What do Security Guards, Nurses, Firefighters, Truck Drivers, and Air Traffic Controllers all have in common?
They all work night shifts. Whether you are a morning or night person, working night shifts can be challenging. I have collected some tips to help you cope with working into the late and early hours of the day.
Due to our 24/7 society, nearly 17 million people in North America work full-time night shifts, evening shifts, rotational shifts, or other irregular schedules. Almost 19% of people over 18 work for 48 hours or more each week. Individuals are needed to work through the night for many reasons. If you are one of these individuals, finding ways to cope is important to continue living healthy. Here are coping strategies for working after dark.
Control Light Exposure
Exposure to light triggers the circadian rhythm that affects your sleep and wake cycles. Artificial light can affect your circadian pacemaker in the same way as sunlight, and timed exposure to bright light can help to alter your body’s sleep cycle. During night shifts, you can “trick” your body into an alert state with exposure to bright light. Research has shown those night workers who were exposed to bright light during their shift and wore sunglasses on the way home to suppress light drifted off to sleep quicker and slept for longer after their shift than people who received no bright light exposure.
Beware of exposure to blue light emitted from digital devices, such as your smartphone, tablet, or television, before you go to bed after a night shift. Research has suggested that blue light knocks our circadian rhythms off-kilter, which signals to your brain that it is daytime and results in poorer sleep quality.
Ways that you can control your exposure to light include:
- increasing bright light exposure during your shift with regular overhead lights or a bright desk lamp or lightbox;
- wearing sunglasses on your way home;
- using dark blinds, curtains, or drapes or a sleep mask to block out daylight in your bedroom; and
- switching off digital devices in your bedroom.
Keeping your bedroom dark will help to keep your body in sleep mode until it is time for you to wake up and begin your day.
Manage Your Sleep Patterns
Some people can work at night with no problem at all, while others experience sleep deprivation and fatigue. This is because the human body is designed to sleep at night. The human body is controlled by an internal body clock, or circadian rhythm. Circadian rhythms run in 24-hour cycles and are influenced by the natural light and dark cycles. Many of the processes in your body that are active in the daytime slow down at night to prepare you for sleep. At night, the circadian rhythm releases the sleep hormone melatonin, which causes you to feel less alert and raises your desire to sleep. Night shifts cause you to battle against your natural rhythms by trying to be alert when you are programmed to be sleeping. Similarly, when you go home after a night shift, the cues from your internal body clock and daytime light exposure tell you to be awake and active.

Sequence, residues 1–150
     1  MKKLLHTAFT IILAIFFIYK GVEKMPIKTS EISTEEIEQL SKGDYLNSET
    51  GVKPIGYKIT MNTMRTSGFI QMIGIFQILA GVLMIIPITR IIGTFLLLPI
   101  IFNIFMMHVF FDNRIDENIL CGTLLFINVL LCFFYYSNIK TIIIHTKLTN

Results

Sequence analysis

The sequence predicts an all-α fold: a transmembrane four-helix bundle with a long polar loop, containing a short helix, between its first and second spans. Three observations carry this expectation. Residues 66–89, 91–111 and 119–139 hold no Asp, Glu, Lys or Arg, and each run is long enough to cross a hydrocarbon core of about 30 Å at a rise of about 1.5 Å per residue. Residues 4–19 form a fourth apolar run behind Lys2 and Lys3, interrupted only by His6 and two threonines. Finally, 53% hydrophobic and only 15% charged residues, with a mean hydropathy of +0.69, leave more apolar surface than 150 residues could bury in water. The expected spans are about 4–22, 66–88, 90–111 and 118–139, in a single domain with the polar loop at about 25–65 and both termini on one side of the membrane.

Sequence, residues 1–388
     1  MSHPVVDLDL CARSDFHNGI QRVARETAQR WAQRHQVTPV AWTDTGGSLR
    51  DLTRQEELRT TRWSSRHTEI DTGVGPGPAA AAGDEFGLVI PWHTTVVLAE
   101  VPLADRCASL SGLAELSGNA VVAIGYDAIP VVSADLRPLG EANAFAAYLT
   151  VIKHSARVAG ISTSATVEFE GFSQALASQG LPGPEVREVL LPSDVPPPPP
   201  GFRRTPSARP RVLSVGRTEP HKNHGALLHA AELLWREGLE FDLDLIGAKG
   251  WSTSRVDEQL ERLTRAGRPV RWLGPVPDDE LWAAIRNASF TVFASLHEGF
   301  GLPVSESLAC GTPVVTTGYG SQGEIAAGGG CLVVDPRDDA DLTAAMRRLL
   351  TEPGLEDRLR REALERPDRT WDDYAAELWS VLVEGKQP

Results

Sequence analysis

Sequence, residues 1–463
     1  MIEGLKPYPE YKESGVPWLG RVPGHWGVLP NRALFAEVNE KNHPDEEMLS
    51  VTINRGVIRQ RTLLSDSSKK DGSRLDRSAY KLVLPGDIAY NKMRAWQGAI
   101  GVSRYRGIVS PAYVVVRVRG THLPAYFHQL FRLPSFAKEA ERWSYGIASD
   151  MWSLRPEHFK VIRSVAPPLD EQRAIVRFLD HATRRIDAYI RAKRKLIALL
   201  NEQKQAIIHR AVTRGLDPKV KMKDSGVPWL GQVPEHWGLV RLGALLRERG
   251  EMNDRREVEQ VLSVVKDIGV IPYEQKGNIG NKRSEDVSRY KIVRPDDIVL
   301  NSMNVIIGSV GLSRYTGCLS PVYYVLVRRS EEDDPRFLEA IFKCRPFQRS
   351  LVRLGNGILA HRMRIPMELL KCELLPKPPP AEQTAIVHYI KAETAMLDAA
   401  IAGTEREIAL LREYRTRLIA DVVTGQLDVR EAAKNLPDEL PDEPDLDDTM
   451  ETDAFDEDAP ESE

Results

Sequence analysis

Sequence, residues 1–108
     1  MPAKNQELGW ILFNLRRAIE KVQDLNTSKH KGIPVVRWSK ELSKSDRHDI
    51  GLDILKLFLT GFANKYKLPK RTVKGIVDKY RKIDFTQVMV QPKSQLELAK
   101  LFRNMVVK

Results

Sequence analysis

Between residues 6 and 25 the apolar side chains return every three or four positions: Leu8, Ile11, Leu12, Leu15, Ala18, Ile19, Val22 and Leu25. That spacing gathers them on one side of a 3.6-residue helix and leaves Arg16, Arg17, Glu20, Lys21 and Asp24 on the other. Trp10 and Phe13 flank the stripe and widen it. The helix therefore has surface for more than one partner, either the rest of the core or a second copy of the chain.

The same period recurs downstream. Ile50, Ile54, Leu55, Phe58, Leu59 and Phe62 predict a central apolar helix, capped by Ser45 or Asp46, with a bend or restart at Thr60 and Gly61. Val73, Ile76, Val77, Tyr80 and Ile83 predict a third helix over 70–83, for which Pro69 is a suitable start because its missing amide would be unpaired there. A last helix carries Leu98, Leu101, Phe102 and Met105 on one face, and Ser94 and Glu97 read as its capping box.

Working at night involves successfully managing your sleep during the day. Daytime sleep can be lighter, shorter, and of poorer quality than sleep at night due to light, noise, and temperature.
Try these steps to keep your sleep-in check and make your environment better for sleep.
- Do not delay going to bed. The longer you delay going to bed, the more awake you are likely to become.
- Try to set aside a block of 7 to 9 hours to dedicate to sleep after a night shift.
- Have something to eat and drink before you go to bed. Hunger or thirst may wake you up.
- Avoid alcohol and nicotine before you try to sleep.
- Make sure your bedroom is quiet, dark, and at a comfortable temperature. Use earplugs to block out daytime noise and blackout curtains to prevent daylight entering the room.
- Notify friends and family of your working hours so that they do not disturb you.
Watch Your Diet
Planning your meals can help you to stay alert during your working hours and be more relaxed when you need to sleep. Try to stick to a similar eating pattern to the one that you would follow during the daytime. Eat frequent light meals or healthy snacks to avoid the drowsiness that is associated with heavy meals. Choose foods that are easy for your body to digest, including bread, rice, pasta, salad, milk products, fruits, and vegetables. Avoid foods that are difficult to digest, such as fried, spicy, and processed meals. Snack on fruits and vegetables, sugars from these are converted slowly into energy.
Keep hydrated while you are working to promote physical and mental performance.
Use Caffeine Carefully
Caffeine is a stimulant. When used properly, your daily dose of coffee can help you to remain alert throughout a shift. Most people take a huge dose of coffee at the start of their shift in order to jump-start their day. However, research suggests taking a different approach to maximize the effects of caffeine for shift workers. People that consumed smaller amounts and more frequently throughout their day experienced enhanced wakefulness, performed better, had fewer accidental naps than those who had no caffeine. Caffeine use should be stopped around 6 hours before bedtime to ensure that the stimulant does not affect your sleep.
Every person is different, so finding the right combination of techniques that suit you best may take time. Applying some of the above strategies may help you on your way to coping better with working at night and ensuring that you get the right amount of sleep to function properly.